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Sep 23

Why install time permissions suck. Why we wanted access to contacts in the Walmart app

Tech, UI / UX, Walmart with tags: Add comments

I have always disliked install time permissions. The user is asked to make a decision up front that:

  • They don’t have any context around
  • They can easily forget
  • They often say “yes” just because they wanted to download the darn thing
  • There is no way to tweak the permissions

addressfromcontacts

This reared its head today. We released a new version of the Walmart Android app. In there we are trying to make the user do as little typing as possible, so when you create a new address there is an option at the top to grab the address from your contacts. There is a good chance that you are sending the goods either to yourself (home, business) or to a friend / family member…. and you may have that info already available.

The problem is, that for us to get that information, we need to blanket ask every user for that access on install. Many users are privacy conscious and I respect that. They should be able to say “thanks, but I don’t want you to have access to my contacts”. We are using a contact picker UI, so the user is explicitly tapping to launch this and selecting the contact, so we don’t need access to anything other than what the user would select. Why do we need READ_CONTACTS?

Why can’t I let those users NOT allow the application access to contacts, but still be able to do everything else? The zero-sum game is nuts.

This shows up all over the shop. If I have an application that happens to have one screen that would be able to help the user by accessing the Geolocation API…. I have to ask for that up front. That screen may be used 0.0000001% of the time, and it just may be aided by that (not required to function).

We need to fix permissions. Would it be so hard to let us say “these permissions are nice to have and can even be on demand” so users can check or uncheck permission there? (this has happened to others too, and we should have realized it would be an issue, so that side of things is our bad :/)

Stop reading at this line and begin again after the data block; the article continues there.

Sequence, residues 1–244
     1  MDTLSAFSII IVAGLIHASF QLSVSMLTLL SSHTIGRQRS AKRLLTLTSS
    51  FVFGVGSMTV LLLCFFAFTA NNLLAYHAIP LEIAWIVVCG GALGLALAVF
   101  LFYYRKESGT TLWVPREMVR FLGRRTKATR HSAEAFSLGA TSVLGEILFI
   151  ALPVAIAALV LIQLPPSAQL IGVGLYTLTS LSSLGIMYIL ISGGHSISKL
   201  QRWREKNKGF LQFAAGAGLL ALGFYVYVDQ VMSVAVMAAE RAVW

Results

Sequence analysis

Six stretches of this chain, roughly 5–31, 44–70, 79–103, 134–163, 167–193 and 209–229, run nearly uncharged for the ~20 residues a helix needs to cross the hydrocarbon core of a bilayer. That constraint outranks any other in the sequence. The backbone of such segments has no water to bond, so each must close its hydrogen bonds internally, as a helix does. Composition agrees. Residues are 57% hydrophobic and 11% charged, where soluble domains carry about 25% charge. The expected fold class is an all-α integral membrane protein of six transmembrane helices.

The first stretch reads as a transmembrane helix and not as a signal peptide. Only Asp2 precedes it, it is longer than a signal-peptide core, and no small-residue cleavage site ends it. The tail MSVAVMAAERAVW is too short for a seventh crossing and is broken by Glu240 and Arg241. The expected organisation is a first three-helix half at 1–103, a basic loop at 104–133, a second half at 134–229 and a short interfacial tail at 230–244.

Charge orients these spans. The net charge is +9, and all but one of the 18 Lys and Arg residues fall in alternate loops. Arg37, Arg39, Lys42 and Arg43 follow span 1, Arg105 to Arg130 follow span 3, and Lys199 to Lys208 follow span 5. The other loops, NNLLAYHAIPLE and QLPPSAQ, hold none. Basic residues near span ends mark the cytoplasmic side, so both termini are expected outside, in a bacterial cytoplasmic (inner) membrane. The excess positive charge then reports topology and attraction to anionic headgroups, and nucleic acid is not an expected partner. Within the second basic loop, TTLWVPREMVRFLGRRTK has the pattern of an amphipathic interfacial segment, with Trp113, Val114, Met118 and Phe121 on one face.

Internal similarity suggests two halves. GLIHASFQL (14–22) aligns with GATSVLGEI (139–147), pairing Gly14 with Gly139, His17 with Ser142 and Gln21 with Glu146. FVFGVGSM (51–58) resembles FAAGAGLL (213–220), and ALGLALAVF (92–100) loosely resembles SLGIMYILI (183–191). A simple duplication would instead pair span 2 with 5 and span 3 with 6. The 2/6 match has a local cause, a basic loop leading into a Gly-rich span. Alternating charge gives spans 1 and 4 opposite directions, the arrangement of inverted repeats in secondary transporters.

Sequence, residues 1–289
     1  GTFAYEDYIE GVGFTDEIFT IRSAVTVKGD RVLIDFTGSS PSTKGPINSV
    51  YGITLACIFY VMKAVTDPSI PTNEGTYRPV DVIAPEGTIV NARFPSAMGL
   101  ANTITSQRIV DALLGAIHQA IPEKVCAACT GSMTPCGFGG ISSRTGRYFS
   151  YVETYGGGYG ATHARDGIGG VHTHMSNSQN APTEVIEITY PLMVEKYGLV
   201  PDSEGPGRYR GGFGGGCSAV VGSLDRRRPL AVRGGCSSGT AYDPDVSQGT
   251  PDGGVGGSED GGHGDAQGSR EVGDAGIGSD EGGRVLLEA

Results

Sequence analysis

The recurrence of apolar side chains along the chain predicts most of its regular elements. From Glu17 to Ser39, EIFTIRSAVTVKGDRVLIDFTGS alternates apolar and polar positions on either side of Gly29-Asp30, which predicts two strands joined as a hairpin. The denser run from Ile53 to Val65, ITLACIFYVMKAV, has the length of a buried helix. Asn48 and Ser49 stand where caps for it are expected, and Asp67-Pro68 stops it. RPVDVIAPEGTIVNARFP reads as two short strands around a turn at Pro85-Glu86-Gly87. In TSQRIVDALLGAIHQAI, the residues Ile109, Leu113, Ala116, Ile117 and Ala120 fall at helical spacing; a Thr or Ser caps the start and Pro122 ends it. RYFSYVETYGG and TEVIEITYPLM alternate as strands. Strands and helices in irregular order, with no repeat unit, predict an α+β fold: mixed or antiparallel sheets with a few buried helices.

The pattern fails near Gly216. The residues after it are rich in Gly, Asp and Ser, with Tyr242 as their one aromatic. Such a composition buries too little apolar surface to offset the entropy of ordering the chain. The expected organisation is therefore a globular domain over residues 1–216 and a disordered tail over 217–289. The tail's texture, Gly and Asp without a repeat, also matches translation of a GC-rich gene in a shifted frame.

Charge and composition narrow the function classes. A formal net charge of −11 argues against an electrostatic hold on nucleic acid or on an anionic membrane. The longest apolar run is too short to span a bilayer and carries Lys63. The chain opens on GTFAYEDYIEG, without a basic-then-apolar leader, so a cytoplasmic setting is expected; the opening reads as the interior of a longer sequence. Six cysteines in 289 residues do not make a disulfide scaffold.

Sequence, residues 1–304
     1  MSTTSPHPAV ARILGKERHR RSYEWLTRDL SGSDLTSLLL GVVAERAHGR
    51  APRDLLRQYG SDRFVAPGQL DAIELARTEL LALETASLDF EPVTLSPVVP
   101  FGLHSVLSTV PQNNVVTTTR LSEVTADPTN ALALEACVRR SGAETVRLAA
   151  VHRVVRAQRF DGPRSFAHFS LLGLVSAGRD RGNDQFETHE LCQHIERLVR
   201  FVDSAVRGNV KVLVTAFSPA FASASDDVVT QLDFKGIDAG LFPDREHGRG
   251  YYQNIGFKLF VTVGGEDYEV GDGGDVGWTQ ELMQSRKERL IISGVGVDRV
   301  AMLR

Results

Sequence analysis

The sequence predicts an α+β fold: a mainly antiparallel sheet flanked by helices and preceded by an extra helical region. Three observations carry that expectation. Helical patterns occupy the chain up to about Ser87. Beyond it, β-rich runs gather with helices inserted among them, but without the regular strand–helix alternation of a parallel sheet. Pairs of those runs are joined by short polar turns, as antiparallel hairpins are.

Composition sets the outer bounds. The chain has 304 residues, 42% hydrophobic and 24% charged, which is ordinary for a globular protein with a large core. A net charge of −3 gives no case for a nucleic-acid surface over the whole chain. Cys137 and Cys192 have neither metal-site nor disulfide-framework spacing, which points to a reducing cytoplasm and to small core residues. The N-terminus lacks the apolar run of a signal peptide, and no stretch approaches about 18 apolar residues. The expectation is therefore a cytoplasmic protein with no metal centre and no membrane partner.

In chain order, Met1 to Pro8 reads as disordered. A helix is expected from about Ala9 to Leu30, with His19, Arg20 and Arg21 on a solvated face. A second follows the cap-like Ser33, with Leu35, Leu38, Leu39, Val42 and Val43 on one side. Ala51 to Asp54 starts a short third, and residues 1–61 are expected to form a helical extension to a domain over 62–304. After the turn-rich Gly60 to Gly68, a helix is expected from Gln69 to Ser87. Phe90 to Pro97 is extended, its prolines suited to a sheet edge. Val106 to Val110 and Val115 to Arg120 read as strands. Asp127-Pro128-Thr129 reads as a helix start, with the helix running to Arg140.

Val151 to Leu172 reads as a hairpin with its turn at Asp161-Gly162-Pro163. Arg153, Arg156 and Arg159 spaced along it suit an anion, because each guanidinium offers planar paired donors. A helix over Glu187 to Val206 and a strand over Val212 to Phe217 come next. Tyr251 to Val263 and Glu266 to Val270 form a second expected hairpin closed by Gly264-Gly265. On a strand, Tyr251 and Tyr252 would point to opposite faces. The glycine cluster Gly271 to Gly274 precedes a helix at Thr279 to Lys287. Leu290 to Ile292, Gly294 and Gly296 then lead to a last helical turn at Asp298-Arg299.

For our users who were scared off when they saw the request for that permission, I am very sorry. We are looking to setup a new build that doesn’t require it at the expense of the convenience feature.

On another note, I am super jazzed at the hard work that went into this release. This app has a bunch of native and Web integration. Our Android and mobile Web teams have worked together to great affect, and although this is just the very tip of the iceberg, it has been great to see!

Remember, if you want to do Android, iOS, or bleeding edge mobile Web development that reaches millions of users globally, please let me know. Join us, the water is warm!

5 Responses to “Why install time permissions suck. Why we wanted access to contacts in the Walmart app”

  1. Eli Grey Says:

    You can also ask for specific permissions in Android apps during run-time, though I’m not sure if it persists over multiple sessions.

  2. Robert Dean Says:

    That is the most annoying thing about both Android and Facebook app permissions. I can’t reject certain permissions based on my personal privacy preferences…..either I get the app or I don’t.

  3. Russell Leggett Says:

    Some day, when object capability model security takes off, permissions will be more fine grained and less up front. Nothing should be required at all if there is a contact picker that grants a single access capability to your application. Here’s hoping Mark Miller’s influence eventually rubs off – at least in web api’s.

  4. Doug Reeder Says:

    Interestingly, on webOS, things are the other way around – any app can display the “People Picker” allowing the user to select a single contact to pass to the app, but there’s no way for an app to gain permission to read all contacts.

  5. Alexander Muse Says:

    We were able to turn this on in iOS without much problem, but our Android users positively freaked out. We gave up and turned off address book access. Thanks for posting – this is an issue that should be resolved

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